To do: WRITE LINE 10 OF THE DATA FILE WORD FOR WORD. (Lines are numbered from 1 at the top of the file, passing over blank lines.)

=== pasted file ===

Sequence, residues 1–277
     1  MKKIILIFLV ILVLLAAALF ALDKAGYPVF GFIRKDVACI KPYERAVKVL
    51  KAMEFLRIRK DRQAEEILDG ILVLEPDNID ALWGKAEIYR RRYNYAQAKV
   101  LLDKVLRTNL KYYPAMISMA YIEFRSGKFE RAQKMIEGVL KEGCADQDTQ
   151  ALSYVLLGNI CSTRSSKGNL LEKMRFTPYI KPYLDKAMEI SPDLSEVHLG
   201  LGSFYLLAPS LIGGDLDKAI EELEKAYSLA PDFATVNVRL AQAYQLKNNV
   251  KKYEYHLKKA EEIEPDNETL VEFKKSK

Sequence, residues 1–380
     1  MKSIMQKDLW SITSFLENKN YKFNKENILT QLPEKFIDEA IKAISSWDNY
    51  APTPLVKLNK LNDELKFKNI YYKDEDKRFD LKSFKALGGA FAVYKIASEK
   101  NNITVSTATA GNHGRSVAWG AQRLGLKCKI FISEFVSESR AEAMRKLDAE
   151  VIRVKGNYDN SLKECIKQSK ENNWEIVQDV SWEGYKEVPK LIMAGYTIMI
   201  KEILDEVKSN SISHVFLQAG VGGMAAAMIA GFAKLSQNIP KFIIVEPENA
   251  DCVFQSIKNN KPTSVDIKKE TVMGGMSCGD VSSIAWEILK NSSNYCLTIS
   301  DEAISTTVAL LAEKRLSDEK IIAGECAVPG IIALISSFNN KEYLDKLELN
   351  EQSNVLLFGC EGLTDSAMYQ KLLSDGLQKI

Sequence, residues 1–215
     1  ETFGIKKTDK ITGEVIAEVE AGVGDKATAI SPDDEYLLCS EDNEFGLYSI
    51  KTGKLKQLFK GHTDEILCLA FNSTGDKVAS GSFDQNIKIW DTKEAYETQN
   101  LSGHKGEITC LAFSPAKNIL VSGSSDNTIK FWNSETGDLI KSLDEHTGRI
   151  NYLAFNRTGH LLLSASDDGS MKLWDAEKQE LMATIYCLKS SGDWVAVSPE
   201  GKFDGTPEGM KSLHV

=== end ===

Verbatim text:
    51  APTPLVKLNK LNDELKFKNI YYKDEDKRFD LKSFKALGGA FAVYKIASEK